Great business books support every key point with research. The good news for business authors is that there are battalions of academics conducting research of all kinds you can use. Your challenges are to select your research wisely and interpret it helpfully.
Find Treasures Among the Trash
Just like everything else in the world, there’s great research, okay research, and awful research. Find the treasures by looking for the studies that other studies cite. Identify researchers other people quote often and go to their original work.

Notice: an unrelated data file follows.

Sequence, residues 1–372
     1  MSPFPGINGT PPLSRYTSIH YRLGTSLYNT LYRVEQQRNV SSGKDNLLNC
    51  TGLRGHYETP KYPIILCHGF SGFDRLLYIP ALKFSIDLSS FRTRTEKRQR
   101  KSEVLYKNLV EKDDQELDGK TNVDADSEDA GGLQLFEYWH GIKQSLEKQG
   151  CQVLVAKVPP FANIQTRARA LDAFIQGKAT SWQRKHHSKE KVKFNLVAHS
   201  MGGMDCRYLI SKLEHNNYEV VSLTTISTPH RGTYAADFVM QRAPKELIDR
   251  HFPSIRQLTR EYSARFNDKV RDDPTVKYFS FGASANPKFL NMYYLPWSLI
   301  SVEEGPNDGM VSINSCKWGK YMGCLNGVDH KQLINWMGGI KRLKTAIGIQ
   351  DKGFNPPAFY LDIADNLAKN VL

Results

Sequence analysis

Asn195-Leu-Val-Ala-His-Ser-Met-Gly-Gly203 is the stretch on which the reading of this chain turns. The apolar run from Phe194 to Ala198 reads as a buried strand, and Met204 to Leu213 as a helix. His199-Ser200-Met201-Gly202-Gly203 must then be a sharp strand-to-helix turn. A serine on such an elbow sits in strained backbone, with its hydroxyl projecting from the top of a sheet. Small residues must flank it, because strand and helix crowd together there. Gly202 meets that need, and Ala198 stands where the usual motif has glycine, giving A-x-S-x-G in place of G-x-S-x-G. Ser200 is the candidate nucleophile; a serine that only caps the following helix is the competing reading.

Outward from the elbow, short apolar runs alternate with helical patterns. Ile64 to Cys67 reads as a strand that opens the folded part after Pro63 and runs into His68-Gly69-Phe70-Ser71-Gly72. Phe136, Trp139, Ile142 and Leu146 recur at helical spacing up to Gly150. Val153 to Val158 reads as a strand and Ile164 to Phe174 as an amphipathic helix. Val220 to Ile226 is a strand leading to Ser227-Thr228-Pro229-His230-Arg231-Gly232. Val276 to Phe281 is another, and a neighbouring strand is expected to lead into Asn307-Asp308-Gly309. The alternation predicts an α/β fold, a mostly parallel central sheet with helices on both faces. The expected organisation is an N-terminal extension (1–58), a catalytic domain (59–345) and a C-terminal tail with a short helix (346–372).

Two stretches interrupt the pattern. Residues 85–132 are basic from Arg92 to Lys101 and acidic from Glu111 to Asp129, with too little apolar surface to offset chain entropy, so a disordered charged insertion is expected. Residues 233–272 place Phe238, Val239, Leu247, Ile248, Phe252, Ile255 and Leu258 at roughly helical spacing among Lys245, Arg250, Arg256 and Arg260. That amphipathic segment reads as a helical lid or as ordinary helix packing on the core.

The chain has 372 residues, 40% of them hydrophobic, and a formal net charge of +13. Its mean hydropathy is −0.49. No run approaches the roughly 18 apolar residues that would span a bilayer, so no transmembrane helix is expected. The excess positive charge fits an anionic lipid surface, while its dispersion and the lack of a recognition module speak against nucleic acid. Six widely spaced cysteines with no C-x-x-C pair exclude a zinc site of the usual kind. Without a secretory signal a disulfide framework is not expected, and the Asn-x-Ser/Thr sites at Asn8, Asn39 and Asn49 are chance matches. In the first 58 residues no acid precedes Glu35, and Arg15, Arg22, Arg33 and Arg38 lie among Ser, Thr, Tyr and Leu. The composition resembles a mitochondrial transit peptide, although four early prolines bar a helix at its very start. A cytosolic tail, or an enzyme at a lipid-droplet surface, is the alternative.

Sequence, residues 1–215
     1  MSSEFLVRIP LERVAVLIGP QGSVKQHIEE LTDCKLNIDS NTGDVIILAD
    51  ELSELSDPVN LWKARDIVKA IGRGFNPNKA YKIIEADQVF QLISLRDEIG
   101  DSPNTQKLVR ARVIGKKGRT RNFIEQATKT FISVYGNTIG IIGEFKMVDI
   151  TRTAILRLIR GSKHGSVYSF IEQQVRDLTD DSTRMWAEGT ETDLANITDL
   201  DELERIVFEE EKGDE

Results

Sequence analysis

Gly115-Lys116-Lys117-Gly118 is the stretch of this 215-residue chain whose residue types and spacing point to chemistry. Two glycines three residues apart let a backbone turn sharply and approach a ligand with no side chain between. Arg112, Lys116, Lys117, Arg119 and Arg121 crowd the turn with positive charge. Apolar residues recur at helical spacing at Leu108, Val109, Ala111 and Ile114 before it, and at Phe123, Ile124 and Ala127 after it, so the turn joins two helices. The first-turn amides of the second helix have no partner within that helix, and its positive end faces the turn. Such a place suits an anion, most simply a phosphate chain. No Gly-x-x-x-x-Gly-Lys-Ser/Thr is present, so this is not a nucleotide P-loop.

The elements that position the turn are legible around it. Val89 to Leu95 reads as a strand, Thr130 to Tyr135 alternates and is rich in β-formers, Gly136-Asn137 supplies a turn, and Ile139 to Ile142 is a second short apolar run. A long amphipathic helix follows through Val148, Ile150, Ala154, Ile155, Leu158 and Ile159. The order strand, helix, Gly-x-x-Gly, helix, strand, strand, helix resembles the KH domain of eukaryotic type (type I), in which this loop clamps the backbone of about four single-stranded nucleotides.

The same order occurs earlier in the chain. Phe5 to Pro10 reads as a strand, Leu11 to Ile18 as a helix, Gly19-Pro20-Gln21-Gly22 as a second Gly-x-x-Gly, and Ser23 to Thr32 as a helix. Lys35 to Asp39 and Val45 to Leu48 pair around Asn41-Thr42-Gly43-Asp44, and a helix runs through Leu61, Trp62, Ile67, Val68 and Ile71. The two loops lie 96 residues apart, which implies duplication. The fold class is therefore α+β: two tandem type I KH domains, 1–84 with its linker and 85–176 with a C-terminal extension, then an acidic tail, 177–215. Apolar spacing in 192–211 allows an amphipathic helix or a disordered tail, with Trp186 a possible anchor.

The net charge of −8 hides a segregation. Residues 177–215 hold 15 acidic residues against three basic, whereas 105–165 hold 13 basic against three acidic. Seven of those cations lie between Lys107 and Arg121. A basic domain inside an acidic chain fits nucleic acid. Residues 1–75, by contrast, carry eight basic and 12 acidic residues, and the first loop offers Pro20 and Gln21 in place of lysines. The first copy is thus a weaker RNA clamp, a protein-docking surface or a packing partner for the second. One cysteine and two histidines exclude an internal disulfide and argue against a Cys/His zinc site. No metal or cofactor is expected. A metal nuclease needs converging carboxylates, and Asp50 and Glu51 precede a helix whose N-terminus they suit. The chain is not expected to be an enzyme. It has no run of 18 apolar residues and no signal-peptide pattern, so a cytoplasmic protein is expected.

Before you use a piece of research, make sure you understand why it’s good and why it’s relevant. Then you’re ready to make sense of explain it for your reader.
Explain What You Find
Anybody with an internet connection can find a bunch of research and list it. I call that “proof stacking.” Proof stacking is seductive. You can fool yourself into thinking you’re helping your reader. You’re not.
Anyone can find a bunch of studies. Your job is to interpret what you find.
When you share a research finding, tell the reader why it’s important and why it’s relevant. Connect to the point you’re using the research to support. Use the research to explain an example you use or a story you tell.
When you write a business book, your challenge is to select and interpret relevant research. Don’t just share the results of studies. Explain to your reader why the studies are important and why they are relevant.